The current recreation of HMS Pickle, was built is Russia in 1995 but her size and shape are technically correct for the ‘Sting’ as stated clearly in her log book with ‘Sting’ becoming the HMS Pickle that served at Trafalgar. But did you know about Pickle as a Spy Ship for Admiral Nelson?
Chapman’s plans used for the St Petersburg vessels were known to be adapted from an early 1802 clever fast dispatch Tops’le Schooner and the only drawings available at that time were the ones taken by the Royal Navy of HMS Pickle before her refit in Hull’s Queens Dock…there were no others.
This was confirmed by Simon Layton who was skipper on HMS Pickle for the Trafalgar 200 commemorations, and recently by five historians as the friends collective, groundbreaking new evidence from David Bean confirming HMS Pickle sailed from Hull, frequently to Lisbon, Portugal.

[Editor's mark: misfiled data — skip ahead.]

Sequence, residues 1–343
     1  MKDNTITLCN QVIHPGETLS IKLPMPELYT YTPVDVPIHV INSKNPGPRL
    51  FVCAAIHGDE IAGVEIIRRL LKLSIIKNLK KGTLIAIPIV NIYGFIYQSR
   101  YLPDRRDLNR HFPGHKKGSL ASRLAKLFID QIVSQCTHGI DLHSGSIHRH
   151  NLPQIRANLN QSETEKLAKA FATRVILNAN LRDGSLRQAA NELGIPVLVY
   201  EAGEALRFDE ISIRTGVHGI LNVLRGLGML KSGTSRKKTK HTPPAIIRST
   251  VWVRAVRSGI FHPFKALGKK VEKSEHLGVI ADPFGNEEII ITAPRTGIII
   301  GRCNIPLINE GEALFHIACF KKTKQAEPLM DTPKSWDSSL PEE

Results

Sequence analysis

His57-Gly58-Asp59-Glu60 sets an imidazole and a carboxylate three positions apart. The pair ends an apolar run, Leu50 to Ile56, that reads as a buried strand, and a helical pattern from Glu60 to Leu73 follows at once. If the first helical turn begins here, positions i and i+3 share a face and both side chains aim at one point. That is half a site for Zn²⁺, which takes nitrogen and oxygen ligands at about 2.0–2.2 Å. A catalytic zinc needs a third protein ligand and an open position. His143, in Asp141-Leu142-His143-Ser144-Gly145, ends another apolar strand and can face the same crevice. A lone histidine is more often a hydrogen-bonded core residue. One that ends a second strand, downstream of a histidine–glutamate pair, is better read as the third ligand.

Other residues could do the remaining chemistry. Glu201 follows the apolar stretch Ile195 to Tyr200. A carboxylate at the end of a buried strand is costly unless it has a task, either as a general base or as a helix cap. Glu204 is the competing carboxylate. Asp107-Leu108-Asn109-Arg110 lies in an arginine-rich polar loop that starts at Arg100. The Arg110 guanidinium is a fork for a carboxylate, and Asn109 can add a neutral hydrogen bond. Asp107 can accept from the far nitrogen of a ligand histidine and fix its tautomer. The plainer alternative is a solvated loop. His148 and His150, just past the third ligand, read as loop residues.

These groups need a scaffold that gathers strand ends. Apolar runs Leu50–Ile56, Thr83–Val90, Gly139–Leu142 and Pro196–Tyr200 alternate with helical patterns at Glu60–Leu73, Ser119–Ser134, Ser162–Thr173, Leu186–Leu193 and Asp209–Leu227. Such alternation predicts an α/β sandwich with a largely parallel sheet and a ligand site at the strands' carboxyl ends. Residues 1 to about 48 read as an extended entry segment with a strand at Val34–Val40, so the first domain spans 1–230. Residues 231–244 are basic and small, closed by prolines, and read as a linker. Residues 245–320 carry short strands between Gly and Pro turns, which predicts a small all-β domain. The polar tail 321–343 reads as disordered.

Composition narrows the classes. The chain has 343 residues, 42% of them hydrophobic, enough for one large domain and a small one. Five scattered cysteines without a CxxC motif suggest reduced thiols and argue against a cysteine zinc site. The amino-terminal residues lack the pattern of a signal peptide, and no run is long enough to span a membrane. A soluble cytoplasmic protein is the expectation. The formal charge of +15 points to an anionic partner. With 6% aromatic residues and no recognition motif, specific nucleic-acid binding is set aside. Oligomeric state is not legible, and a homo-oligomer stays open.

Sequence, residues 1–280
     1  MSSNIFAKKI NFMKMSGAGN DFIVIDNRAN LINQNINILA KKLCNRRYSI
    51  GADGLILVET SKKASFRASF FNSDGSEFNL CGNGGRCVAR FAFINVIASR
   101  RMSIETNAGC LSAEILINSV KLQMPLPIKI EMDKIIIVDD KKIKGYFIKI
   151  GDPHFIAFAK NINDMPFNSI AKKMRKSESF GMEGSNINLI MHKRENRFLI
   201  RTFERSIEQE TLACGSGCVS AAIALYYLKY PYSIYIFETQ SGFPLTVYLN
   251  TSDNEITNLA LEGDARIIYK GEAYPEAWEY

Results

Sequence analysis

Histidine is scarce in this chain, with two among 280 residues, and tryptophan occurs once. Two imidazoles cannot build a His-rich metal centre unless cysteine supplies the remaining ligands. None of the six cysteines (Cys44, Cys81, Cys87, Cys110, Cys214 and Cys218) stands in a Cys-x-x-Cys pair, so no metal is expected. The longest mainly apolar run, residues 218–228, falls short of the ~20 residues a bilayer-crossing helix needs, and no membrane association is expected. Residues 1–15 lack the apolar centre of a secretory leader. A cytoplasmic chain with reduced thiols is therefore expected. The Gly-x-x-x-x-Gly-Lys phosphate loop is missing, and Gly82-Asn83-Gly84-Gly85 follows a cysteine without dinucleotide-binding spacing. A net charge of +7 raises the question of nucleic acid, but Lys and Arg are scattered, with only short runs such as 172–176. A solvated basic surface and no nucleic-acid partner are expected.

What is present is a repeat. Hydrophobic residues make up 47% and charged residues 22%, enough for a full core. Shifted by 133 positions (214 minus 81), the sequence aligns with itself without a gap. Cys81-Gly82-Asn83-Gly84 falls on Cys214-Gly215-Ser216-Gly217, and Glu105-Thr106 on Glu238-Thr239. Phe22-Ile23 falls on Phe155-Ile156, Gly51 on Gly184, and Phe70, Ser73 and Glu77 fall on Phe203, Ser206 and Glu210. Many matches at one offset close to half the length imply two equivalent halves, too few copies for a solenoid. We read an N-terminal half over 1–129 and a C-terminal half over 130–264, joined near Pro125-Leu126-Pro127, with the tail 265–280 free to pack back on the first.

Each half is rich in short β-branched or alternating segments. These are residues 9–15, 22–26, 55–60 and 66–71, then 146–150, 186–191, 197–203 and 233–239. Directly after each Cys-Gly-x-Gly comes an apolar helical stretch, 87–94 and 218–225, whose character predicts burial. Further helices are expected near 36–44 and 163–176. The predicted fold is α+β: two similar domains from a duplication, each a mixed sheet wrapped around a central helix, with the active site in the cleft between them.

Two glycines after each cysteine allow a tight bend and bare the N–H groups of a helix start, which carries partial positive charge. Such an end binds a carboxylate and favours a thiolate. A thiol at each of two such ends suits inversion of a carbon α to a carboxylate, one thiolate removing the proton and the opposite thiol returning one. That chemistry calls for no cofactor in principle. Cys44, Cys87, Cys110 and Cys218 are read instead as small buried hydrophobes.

During this time she was acting as a spy ship for Admiral Lord Nelson prior to The Battle of Trafalgar, reporting back positions of the French and Spanish fleets. HMS Pickle had whaling and fishing sails as well as her own as a disguise. Where else would they get sails like that other than Hull, one of the worlds foremost whaling and fishing ports.
With all this in mind I am left with no other conclusion that the hull and rigging are technically correct and the addition of cabins after removal of the 4’6”deck and an engine with navigation equipment is as near to HMS Pickle as this world has to offer.
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